How do you boost sales team morale in just 3-weeks?
Recently a Sales VP who had just attended one of my Sales Coaching & Leadership Workshops asked me that very question. He was under a lot of pressure from his CEO to improve sales team health and increase sales, so he needed some concrete steps he could implement immediately. Here’s what he and I came up with for his 3-week plan.
Week 1: Update Roles & Responsibilities
The company this VP worked for had undergone some major shifts in recent years. Their market was expanding, partly through increased specialization of offerings. The VP now realized that the job descriptions for the sales rep position were out of date and didn’t accurately reflect the changes in the business and markets that had occurred.
“I guess its unfair to ding sales reps when we as a company haven’t clearly defined their jobs,” the VP told me. “We need to have much more specialized job descriptions to eliminate ambiguity.” So that become the VP’s task #1. He and I started by reviewing the current job descriptions for the sales position with his sales managers.
The sales managers’ next step would be to meet with peak performing reps who were successful at selling the new specialized products and ask about the skills, knowledge and competencies they applied to excel that were not in the current job description. He and his managers then assembled their findings, put them in writing, and then began communicating findings regularly to the sales team.
Week 2: Set Standards for Attitude Excellence
High expectations are the key to everything. To drive better performance, ask yourself, “What are the qualities and characteristics of my #1 salesperson?” Chances are you’ll identify several characteristics such as competitive, great work ethic, accepts responsibility for solving customer problems, team player, etc. And what do all these have in common? They’re not skills, they’re attitudes.
What is currently in your company’s job description for the sales rep position: are they skills or attitudes? Answer: they’re skills. The implication is that you haven’t yet defined what distinguishes your top salespeople from everybody else. And if you haven’t defined it, then your salespeople surely don’t know it.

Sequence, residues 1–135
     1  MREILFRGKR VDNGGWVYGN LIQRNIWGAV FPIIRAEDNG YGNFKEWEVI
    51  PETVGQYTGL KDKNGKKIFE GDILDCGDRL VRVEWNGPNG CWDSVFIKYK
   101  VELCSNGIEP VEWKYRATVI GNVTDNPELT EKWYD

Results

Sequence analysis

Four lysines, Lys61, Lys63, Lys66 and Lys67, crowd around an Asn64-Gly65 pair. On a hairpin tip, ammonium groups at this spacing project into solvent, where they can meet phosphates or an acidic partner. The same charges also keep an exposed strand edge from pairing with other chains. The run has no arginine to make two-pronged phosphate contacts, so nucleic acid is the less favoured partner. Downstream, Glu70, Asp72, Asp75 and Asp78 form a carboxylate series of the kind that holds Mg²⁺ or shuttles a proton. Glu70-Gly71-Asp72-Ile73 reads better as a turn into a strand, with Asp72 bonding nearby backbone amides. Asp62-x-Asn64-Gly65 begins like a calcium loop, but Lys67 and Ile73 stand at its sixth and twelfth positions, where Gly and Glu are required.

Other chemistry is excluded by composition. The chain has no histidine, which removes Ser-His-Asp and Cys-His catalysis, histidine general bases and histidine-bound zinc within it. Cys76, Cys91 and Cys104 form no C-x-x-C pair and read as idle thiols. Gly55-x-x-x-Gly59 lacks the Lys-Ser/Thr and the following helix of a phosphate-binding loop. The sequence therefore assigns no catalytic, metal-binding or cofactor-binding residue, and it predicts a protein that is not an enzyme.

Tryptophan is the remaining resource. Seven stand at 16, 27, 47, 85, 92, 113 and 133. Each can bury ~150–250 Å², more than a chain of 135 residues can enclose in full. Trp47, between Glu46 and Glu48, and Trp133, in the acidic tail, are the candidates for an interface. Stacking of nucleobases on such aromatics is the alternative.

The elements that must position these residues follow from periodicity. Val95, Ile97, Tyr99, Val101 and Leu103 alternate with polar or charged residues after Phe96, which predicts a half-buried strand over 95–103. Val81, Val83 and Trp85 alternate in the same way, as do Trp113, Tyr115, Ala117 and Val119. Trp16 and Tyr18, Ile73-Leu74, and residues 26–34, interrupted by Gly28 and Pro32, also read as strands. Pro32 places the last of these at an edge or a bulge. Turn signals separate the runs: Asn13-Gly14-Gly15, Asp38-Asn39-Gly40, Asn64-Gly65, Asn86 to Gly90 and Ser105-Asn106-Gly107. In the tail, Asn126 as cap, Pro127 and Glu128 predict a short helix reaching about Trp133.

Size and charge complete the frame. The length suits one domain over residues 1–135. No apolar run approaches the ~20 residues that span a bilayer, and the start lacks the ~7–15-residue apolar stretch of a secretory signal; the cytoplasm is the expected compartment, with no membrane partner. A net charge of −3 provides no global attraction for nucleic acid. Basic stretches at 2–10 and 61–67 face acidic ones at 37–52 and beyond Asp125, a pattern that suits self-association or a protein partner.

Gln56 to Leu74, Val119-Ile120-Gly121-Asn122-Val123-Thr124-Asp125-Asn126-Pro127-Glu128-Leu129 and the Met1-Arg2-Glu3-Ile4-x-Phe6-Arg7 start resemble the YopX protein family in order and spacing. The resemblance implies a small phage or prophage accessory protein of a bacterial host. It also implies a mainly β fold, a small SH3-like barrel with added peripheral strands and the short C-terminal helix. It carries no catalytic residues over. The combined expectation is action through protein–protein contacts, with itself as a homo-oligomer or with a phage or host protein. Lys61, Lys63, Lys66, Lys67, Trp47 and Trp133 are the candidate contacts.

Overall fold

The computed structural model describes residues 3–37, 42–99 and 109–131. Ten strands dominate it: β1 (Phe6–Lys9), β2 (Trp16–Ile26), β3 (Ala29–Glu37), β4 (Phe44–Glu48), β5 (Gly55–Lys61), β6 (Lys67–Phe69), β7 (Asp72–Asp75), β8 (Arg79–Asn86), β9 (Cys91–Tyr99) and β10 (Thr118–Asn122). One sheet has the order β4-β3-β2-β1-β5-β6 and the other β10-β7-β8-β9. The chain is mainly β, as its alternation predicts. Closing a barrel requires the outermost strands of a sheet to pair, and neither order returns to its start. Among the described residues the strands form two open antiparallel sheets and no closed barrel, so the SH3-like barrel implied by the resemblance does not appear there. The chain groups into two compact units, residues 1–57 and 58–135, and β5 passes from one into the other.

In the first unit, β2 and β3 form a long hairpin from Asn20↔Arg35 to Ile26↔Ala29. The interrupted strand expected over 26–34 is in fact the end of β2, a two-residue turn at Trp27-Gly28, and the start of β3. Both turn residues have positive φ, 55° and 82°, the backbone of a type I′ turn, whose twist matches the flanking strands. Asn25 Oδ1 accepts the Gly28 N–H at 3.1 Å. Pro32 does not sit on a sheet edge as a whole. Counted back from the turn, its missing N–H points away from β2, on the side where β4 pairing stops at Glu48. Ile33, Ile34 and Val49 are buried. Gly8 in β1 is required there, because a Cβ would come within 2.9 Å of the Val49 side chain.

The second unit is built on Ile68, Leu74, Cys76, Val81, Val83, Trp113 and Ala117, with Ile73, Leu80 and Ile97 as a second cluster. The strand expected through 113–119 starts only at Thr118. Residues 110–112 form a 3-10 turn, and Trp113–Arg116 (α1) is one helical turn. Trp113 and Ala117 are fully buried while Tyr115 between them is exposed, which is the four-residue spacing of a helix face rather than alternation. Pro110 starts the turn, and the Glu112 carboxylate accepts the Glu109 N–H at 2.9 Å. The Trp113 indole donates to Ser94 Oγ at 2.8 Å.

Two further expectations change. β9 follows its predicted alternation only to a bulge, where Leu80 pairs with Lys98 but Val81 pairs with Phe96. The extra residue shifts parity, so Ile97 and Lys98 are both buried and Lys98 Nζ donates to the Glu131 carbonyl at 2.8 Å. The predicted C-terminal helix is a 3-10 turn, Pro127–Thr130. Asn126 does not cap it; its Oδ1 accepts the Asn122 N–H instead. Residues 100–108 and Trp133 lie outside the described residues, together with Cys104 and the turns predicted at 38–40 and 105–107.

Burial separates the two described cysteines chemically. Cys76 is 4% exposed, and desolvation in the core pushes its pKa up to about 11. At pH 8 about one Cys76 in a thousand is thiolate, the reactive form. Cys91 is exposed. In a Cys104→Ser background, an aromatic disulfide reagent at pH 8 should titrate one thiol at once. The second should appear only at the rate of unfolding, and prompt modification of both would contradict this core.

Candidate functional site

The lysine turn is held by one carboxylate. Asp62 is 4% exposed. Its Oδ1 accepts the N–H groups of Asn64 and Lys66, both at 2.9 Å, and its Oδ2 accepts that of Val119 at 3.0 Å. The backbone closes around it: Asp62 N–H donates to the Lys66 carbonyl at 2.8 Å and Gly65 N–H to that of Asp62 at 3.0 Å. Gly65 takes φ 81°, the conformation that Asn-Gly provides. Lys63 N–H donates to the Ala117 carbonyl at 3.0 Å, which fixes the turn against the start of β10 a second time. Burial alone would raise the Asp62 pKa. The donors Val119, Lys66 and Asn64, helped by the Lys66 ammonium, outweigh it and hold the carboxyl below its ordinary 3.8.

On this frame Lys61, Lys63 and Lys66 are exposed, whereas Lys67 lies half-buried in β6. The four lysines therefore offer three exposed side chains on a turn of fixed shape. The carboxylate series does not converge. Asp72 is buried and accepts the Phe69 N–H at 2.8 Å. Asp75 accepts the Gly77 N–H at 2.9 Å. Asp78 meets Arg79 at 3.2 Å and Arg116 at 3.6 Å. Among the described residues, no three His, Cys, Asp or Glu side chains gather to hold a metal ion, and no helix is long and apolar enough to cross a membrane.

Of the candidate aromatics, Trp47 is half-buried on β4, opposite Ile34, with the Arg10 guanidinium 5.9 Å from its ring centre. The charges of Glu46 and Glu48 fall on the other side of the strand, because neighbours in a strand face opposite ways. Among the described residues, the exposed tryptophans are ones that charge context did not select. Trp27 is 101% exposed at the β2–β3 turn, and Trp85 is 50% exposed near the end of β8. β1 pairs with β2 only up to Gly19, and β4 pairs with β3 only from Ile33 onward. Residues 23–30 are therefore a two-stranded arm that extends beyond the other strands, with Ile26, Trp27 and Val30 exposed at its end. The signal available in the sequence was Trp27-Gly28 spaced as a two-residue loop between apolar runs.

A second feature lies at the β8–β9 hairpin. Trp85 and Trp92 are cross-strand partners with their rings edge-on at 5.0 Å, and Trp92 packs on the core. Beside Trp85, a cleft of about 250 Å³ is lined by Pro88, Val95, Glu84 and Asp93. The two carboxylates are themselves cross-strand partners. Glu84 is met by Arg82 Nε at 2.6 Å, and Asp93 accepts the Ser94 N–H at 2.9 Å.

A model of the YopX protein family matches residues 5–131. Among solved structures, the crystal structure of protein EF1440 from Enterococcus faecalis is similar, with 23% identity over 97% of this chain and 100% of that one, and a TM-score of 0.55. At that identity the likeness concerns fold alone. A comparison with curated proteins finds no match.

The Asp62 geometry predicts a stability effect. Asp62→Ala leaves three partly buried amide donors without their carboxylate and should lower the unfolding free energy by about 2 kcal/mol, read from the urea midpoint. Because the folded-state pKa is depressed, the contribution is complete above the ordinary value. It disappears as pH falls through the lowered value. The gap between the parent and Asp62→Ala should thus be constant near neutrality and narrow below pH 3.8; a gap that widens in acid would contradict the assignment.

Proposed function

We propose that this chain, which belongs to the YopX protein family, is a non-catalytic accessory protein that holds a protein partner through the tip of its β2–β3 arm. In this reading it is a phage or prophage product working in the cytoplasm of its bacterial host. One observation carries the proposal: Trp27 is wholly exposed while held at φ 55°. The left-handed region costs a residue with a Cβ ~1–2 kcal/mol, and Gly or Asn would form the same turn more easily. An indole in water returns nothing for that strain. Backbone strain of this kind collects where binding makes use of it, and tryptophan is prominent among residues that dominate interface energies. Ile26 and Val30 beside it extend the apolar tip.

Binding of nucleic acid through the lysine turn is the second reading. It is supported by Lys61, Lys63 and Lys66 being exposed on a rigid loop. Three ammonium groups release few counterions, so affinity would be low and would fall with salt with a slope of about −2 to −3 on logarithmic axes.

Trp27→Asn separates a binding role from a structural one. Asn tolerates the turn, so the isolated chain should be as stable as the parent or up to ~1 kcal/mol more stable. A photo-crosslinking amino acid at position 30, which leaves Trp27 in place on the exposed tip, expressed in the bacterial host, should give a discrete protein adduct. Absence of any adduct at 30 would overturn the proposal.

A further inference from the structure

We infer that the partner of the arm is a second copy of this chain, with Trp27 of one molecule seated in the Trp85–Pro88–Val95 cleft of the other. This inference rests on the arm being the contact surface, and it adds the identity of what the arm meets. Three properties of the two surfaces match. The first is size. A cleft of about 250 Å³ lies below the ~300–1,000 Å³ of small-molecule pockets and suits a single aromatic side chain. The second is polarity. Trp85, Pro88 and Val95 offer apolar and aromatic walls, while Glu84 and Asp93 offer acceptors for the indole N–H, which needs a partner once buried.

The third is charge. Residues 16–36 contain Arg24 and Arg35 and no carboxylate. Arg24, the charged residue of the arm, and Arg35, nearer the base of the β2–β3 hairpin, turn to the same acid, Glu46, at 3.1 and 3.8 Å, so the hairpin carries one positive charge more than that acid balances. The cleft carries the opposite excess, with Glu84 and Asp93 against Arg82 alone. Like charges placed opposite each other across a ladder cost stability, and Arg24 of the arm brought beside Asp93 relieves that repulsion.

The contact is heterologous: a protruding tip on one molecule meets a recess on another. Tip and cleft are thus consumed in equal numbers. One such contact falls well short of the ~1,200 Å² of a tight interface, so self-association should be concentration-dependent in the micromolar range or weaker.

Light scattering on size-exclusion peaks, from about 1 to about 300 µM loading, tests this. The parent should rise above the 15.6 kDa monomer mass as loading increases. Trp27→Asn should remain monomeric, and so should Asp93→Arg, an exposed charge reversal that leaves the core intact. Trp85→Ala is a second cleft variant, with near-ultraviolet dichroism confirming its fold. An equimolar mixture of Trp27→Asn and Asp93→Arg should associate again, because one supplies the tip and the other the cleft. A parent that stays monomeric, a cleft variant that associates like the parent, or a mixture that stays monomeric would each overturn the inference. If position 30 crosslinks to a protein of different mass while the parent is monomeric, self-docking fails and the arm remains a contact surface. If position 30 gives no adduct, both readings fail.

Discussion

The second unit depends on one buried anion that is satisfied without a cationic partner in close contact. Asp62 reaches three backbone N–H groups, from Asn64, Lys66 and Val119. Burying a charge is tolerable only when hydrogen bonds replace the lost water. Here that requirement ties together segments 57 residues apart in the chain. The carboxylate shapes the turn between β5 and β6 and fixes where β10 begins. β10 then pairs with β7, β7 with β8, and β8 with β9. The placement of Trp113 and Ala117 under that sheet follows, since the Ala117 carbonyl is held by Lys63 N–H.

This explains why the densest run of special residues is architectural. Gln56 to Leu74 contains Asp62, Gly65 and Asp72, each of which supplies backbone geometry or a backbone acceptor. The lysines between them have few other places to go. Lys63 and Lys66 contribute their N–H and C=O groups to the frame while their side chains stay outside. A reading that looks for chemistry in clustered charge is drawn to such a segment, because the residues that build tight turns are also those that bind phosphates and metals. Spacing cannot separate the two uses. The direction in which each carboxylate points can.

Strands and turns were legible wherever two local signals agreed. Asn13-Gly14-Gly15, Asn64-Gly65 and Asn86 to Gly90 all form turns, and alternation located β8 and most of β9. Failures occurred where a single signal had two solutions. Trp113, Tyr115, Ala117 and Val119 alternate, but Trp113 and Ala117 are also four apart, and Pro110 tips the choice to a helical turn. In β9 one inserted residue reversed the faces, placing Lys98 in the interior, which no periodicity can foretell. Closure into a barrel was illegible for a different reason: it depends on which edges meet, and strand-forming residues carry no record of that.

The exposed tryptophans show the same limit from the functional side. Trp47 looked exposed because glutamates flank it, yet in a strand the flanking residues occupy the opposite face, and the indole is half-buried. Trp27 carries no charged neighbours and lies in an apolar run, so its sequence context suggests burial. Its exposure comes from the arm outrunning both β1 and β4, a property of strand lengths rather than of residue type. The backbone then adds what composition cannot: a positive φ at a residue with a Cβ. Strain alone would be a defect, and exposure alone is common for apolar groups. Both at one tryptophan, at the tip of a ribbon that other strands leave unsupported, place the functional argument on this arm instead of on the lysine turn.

How can we expect enthusiastic morale on our sales team if we don’t first define what it is – and then describe in specific terms for salespeople how they can adopt a more positive disposition.
When you define your standards for attitude excellence, and you communicate those as expectations on a regular basis, you encourage all of your salespeople to emulate these qualities on a daily basis. And then…..your team’s morale improves.
Week 3: Improve Sales Forecasting by Creating Sales Process Milestones
Like many sales leaders, this VP also complained about his team’s inability to accurately predict monthly or quarterly sales. The sales “roller coaster” created a lot of stress for everybody, and that’s not good for morale. So he and I identified a key flaw in his company’s system that added more stress for everybody: they made predictions based only on sales rep activities, not on customer activities.
As I discussed in a recent blog post, Why Salespeople Don’t Use CRM & What to Do About It, accuracy in sales forecasting requires that you align your sales process with your customer’s buying process.
So my client’s third task was to work with sales managers and reps to develop clear descriptions of what his company’s customers do as they move through their buying process. “I want to have these milestones spelled out so my salespeople are more focused on achieving customer actions and me managers can be more effective in coaching their reps,” the VP said. “I want my managers to be able to discuss what steps each prospect either has, or hasn’t taken. Then managers can talk with the rep very specifically about what reps need to do to prepare themselves to advance the client through the next milestone.”
Together, these three steps provide a pretty good starting point for anyone who wants to improve sales team morale.